Is Our Understanding of Maslow’s Hierarchy of Needs Upside Down?

January 9, 2018 Thoughts

What It Means to Be Your Thoughts/Being Your ThoughtsIn a competitive world where the excesses of capitalism and materialism seem difficult to turn around, finding a starting point is imperative.  Understanding how we have got to this point can be found in our current understanding of Maslow’s hierarchy of needs.  Many people are striving to fulfil the first two needs of satisfying their physiological needs and feeling safe. They may have brief forays into the next one (belongingness), but rarely the fourth or fifth.

Are you stuck trying to meet your physiological and safety needs?  Do you believe the world is competitive?  Do you feel the idea of safety is getting further and further away?  You need more money to put a roof over your head, have enough superannuation, medical insurance to ensure your health, life insurance, accident insurance, disability insurance.  All of these encourage the “fear” which keeps people stuck on the bottom two rungs of Maslow’s Hierarchy.  Who has time to grow up through the third, fourth or fifth.

What does it look like to turn his theory upside down?

  1.  Self-actualisation: morality, creativity, problem solving.  There is an excellent article in the Huff Post about the 12 Characteristics of a self-actualised person.   I can see all the attributes of my grandchildren.  Babies and toddlers, already show the characteristics of a self-actualised person.  They grow naturally.  They are not concerned with the bottom two rungs.
  2. Esteem: confidence, self-esteem, achievement, respect.  Children lose confidence and self-esteem when they start to compare themselves with others.  Test-results, grading of classes and competitiveness in all areas encourages this.  They are introduced to the idea of “not good enough”.  Advertising and media in general encourage the current world system of “have” and “have-not”. People question their value, their worth.  The focus is on how they are perceived externally, their “value” in a competitive market place.  Children are not taught anywhere about their inherent worth.  Being themselves is the most worthwhile thing they can be.  Everyone is needed to make this world the full, diverse, creative, functioning world it is.
  3. Belongingness:  family, community, world, universe.  Babies and toddlers do not discriminate.  They may need to learn to share at first and yet toddlers are some of the most generous humans around. They have no judgements about others and they do not worry if they belong or not.  We are taught to discriminate.  How old were you when you were first taught about third-world countries?  Even the language is discriminatory.  We are taught to judge, usually based on economic or financial grounds thus conditioning us further to stick to the bottom two rungs lest we become “one of them.”  We are not encouraged to find our “tribe” based on mutual interests of art, music, philosophy, the carers, the architects, the inventors.   The language is of ‘nerds’, losers and nobodies, usually based on a financial fiction.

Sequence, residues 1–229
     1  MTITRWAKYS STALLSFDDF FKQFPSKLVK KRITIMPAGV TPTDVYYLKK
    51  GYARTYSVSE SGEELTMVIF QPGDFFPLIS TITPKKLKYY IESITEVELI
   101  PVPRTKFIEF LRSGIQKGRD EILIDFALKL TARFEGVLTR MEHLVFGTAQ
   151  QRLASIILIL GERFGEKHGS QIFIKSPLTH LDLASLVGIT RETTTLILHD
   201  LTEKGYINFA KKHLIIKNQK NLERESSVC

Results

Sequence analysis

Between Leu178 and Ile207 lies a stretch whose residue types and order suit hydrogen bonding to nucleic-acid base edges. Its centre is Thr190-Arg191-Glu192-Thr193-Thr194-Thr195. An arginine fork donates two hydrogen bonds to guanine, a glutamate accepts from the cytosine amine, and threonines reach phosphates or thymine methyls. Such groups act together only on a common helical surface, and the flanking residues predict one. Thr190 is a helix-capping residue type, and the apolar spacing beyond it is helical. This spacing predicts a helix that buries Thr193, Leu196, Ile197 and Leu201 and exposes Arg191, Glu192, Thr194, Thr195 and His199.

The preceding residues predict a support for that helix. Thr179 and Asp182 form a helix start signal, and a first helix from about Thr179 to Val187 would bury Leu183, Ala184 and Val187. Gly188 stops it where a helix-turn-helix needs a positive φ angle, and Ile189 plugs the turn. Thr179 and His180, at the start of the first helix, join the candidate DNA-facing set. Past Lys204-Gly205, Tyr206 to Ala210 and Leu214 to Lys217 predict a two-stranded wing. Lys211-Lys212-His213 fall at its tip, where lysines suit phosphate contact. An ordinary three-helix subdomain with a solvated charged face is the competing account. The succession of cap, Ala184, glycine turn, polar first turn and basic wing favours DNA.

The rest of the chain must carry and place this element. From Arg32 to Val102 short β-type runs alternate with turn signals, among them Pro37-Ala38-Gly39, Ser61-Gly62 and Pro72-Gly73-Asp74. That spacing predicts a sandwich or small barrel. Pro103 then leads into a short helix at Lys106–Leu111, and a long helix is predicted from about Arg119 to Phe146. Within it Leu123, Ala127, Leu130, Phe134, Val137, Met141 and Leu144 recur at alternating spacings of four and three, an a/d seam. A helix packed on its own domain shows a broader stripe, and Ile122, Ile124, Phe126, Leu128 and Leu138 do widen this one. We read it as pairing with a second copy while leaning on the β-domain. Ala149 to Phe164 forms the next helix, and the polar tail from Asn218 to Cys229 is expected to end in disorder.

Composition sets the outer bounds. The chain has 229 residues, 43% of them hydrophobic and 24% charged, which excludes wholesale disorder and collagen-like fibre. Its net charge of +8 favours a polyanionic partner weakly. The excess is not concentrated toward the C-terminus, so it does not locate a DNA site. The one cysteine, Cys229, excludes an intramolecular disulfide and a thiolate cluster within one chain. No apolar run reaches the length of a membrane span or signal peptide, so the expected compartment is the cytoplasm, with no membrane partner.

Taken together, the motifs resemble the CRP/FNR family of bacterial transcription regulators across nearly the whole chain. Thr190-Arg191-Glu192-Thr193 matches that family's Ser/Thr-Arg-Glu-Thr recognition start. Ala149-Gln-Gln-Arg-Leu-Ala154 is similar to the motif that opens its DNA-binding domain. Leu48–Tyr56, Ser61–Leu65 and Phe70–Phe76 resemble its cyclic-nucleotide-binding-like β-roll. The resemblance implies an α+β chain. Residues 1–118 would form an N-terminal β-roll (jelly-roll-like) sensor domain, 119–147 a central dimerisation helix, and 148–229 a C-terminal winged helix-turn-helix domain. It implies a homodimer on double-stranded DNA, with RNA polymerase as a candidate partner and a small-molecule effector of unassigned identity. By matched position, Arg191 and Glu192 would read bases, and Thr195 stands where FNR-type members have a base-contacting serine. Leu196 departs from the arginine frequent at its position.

4. Safety: includes security of environment, employment, resources, health, property.  In a competitive world, safety is hard.  When the world is focused first and foremost on the bottom two rungs the ability to achieve either, becomes harder.  Safety and the meeting of physiological needs become a by-product of a world where competition is relegated to the sports field as people are free to feel good about themselves. Creativity, innovation, generosity, sharing and inclusiveness is the norm rather than an ideal to strive for.
  5. Physiological: includes air, food, water, sex, sleep, other factors towards homeostasis.  These things become a need that can be hard to satisfy because of how our current world is structured.  As a planet we produce enough food to feed everyone 10 times over.  Clean drinking water could be provided, if it wasn’t being destroyed by the push for more productivity, more of stuff we don’t need.  All physiological needs are able to be met if we understand generosity is good, greed is not.  Greed only comes about because people are stuck in the bottom two rungs, feeling “not enough” therefore having to fulfil that need through external, material things.  Turning the hierarchy on it’s head ends the “Need” to focus on these bottom two at all, they become a by-product of a life lived to its full potential.

A Life Coach understands a person has everything they need to be successful inside of them. Coaching is about getting rid of all the crud, conditioning and false beliefs stopping a person from being who they were born to be. Therefore, in every sense we take them back to who they were as babies/toddlers to start afresh.  Changing our thinking on a global scale, to turn Maslow’s hierarchy of needs on it’s head now will bring forth the evolution we require.

Please leave a comment.  I would love to get a discussion moving on this.

Love and Light

Maryanne